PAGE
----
crude oils and fuels Flashcards Preview

Chemistry GCSE > crude oils and fuels > Flashcards

Flashcards in crude oils and fuels Deck (44):

what is crude oil a mixture of


compounds that only contain hydrogen and carbon - joined together by covalent bonds

most are alkanes


what is the general formulae for the family of alkane hydrocarbons


eg methane = CH(4)
ethane = C(2)H(6)


draw methane as an alkane molecule displayed formulae


covalent bonds =straight line
atom is shown as its symbol


name the alkanes in order of smallest to biggest



what type of hydrocarbons are alkanes

saturated hydrocarbons

means contain as many hydrogen atoms as possible in each molecule

no more hydrogen atoms can be added


what's a saturated hydrocarbon

carbon atoms are joined together by single bonds

makes them unreactive
apart from boring or combustion which is their reaction with oxygen in the air


what is distillation

process used to separate pure liquid from a mixture of liquids

works when liquids have different boiling points

heats(evaporates)> cools (condenses)


how is fractional distilation different to normal distillation

different from distilation cause it separates mixture into different parts called fractions


how does fractional distillation work

1. crude oil is heated to evaporate

2. crude oil fed at bottom of a tall Column as hot vapour

3. hot at bottom cool at top, several condensers coming off at different heights

4. gases condense when they reach their boiling points

5. different fractions are collected as different liquids at different levels

boils/condenses at different temperatures cause of different sizes of molecules


what has the lowest boiling points

Petrol , refinery gas (shorter carbon atoms)


what has the highest boiling points

bitumen, oil (longer carbon atoms)

cool to form very thick liquids or solids at room temperature


what are properties of short chain alkanes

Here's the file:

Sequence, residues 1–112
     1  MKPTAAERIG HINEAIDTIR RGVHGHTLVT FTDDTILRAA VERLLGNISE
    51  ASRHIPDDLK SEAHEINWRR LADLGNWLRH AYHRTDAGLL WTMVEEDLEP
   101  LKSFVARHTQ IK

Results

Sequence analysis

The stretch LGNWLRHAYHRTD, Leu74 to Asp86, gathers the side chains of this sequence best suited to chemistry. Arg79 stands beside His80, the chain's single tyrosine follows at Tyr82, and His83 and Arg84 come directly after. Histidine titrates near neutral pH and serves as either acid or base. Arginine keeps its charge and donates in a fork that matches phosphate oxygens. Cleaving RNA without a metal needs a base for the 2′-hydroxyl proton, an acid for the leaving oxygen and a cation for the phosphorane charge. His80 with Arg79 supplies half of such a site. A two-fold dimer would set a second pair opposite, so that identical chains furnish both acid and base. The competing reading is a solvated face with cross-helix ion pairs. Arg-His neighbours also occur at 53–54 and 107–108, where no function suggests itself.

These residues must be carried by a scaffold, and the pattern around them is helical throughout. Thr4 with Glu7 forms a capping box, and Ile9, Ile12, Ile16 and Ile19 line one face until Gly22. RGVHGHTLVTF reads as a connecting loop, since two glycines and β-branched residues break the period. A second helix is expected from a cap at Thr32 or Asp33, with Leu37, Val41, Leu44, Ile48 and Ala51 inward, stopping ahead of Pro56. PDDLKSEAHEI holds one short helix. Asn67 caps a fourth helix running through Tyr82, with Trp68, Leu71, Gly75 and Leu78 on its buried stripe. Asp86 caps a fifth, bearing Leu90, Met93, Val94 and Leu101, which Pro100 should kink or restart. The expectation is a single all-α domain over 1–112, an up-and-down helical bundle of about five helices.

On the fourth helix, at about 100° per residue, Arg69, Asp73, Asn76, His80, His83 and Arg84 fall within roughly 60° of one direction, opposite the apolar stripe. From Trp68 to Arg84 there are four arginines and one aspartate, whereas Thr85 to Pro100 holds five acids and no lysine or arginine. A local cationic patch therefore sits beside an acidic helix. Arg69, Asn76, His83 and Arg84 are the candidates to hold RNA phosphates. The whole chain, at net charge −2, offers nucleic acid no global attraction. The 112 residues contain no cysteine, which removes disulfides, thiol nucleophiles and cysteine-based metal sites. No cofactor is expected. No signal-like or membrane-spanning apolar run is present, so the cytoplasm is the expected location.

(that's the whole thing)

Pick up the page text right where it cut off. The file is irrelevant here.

low boiling point

less viscous( more runny)

more volatile(more likely to turn into a gas)

more flammable (easier it burns)


what are the properties of long chain alkanes

high boiling point

more viscous( less runny)

less volatile(less likely to turn into a gas)

less flammable (harder it burns)


where is crude oil derived from

biomass found in rocks, over millions of years


what comes out of the bottoms of fractional distillation Collums


very thick, mixture of long-chain hydrocarbons, used in making roads and flat roof


what happens when the fractions have been collected

they need more processing before they can be used


are the long chain atoms near the bottom of the top in fractional distillation

substances with higher boiling points (long chain) condense at bottom and lower boiling points (short chain) condense at least he top

each fraction contains hydrocarbon molecules with a similar number of carbon atoms


what are lighter fractions used for and why?

used a fuels

because when they burn in plenty of air they release energy

called oxidised (meaning adding oxygen in a chemical reaction in which the oxides are formed)

propane+ oxygen > carbon dioxide+ water


how can we test that carbon Dixie is produced in combustion

limewater goes cloudy


how can you tell that water is produced in combustion

blue colbalt paper goes from blue to pink


how is selfie dioxide produced

impurities containing sulphur is a product of fuels being burnt as fuels.

sulphur reacts with oxygen when we burn the fuel- creating sulphur dioxide


what is sulphur dioxide and what does it do

poisonous gas


causes acid rain

can cause engine corrosion


what is incomplete combustion and when does it happen

when there isn't enough oxygen

instead of carbon dioxide being produced carbon monoxide is produced


why is carbon monoxide poisonous